1. Convenience and cleanliness. Gas grilling goes something like this… Electronically ignite your grill + Wait 5-10 minutes + Grill food + Eat it = Done and done. Yes, that’s it. Clean up goes something like this… Turn off the grill + Quickly brush the grill grates + Close the lid = Done and done. Yes, that’s it. Gas grilling is just simple, convenient and quick to clean up. Not horrible selling points.
2. Temperature control. Whether it be direct or indirect grilling, the art of the outdoor cooking comes down to a combination of heat application, airflow and time. By simply manipulating the burner dials, opening-closing the grill lid (or air vents), and watching a clock, you can become the next Bobby Flay.
3. Safety. Because most gas grills cover the direct flame with metal tents, lava rocks, ceramics, and/or proprietary radiant plates, the risk of grease-induced flare-ups are virtually eliminated. But, any time gas and fire are combined, the opportunity for danger is present. Whether using gas or charcoal – always express caution.
That all said, 77 years later a proverbial peace treaty has been negotiated. The snobbiest of purists, pitmaster perfectionists, creme de la creme of campfire cooks, urban-dwelling newfangled grilling yuppies, suburban backyard barbeque heroes, and self-proclaimed Gods of the Grill Grate – Have united. One nation, divided no longer – galvanized with innovation of the charcoal and gas grill combo. The best of both worlds!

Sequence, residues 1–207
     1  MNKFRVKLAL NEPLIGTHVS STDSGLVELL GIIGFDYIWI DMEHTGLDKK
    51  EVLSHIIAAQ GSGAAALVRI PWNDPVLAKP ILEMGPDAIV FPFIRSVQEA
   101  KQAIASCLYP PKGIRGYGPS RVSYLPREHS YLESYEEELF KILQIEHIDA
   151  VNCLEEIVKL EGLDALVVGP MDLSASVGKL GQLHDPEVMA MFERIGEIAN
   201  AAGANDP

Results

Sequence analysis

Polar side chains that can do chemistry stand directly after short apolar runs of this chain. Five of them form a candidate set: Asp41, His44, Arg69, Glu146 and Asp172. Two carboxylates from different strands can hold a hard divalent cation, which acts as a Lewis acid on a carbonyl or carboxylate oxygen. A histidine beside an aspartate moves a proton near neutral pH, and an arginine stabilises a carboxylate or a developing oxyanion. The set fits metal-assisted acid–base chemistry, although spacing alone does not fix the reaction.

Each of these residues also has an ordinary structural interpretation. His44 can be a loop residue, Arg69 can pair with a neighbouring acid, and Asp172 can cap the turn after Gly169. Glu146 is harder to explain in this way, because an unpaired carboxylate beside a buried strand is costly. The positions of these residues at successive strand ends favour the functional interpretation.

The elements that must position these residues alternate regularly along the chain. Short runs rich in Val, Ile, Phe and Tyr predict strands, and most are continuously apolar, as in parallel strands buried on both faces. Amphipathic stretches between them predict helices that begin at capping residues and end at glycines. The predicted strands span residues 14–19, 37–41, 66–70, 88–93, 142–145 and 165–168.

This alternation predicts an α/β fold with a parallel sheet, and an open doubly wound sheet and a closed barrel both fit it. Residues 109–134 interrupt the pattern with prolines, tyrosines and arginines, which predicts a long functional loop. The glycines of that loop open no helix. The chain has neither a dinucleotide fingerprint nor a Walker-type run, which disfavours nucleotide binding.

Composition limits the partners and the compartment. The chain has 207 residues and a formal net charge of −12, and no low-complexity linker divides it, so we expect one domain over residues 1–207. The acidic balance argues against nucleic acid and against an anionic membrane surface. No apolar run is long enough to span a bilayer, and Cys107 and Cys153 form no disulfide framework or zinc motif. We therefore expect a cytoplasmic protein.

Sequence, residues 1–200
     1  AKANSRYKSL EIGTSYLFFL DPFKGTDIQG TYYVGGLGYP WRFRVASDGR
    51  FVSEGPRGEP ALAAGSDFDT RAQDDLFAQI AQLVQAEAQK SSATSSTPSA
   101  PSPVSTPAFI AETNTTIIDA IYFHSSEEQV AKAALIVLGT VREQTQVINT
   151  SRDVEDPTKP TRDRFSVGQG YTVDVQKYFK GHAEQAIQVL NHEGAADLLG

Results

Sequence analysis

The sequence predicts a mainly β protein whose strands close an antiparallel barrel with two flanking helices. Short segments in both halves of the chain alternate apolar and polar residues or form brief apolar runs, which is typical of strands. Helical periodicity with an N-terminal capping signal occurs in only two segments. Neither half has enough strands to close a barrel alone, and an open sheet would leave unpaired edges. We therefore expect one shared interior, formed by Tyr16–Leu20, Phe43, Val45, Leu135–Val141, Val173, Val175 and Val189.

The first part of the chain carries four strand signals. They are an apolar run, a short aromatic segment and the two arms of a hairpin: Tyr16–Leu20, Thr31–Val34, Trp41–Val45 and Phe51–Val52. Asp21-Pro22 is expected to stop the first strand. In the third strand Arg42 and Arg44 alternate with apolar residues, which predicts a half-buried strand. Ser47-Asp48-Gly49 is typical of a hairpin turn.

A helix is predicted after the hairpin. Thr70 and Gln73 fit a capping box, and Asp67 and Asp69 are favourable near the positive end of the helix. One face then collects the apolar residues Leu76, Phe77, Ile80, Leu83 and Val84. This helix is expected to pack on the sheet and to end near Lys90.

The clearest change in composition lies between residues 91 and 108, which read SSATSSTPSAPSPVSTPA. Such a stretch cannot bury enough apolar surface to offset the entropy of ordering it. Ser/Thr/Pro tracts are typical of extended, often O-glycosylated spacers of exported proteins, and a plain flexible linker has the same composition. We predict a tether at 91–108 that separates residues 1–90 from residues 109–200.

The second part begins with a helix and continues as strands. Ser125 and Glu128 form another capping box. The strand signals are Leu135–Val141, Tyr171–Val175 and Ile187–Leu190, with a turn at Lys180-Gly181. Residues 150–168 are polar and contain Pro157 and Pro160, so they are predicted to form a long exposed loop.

Introducing, Char-Broil’s 3-Burner Hybrid Gas2Coal Stainless-Steel Grill. An efficiently-constructed, clean and convenient outdoor appliance which can be simply employed for gas or charcoal grilling. With hassle-free electronic ignition and 40,000 BTUs deliverable to 420sq inches of cooking space, this grill provides all the value of a gas, yet allows charcoal purists to savor the smoky flavor imparted upon their fare.
“With Gas2Coal, grillers can finally have it all – the best gas and charcoal cooking offer in one convenient, easy-to-use grill. Gas2Coal lets you alternate seamlessly between grilling methods, making it easier than ever for you to become a cookout hero this summer.” -Brendan Anderson, VP of Marketing and Product Management at Char-Broil
Whether you’re the next Iron Chef or this is your first weekend grilling, the best part, Gas2Coal is easy as 1-2-3-4-5:
1. Remove the grill grates, place the charcoal tray in the firebox and load with charcoal.
2. Ignite the gas burners to light the coals, then wait patiently until the coals are white and ashy.
3. Turn off the gas burners and confidently apply prepared meats to the grill grates.
4. Stand near the grill to further cultivate the perception of your expertise.
5. Remove food from grill and serve to a crowd of overly-impressed onlookers. Take a picture of said grub and share to social media. Then, devour.
I think my case is clear – Earth is just a better place in 2016 with the introduction of Gas2Coal. Divisive feuds are settled, families are bonding, friends break bread (not bones), and all is finally well in the world of outdoor cooking. Cheers! Stay hungry. And grill onward!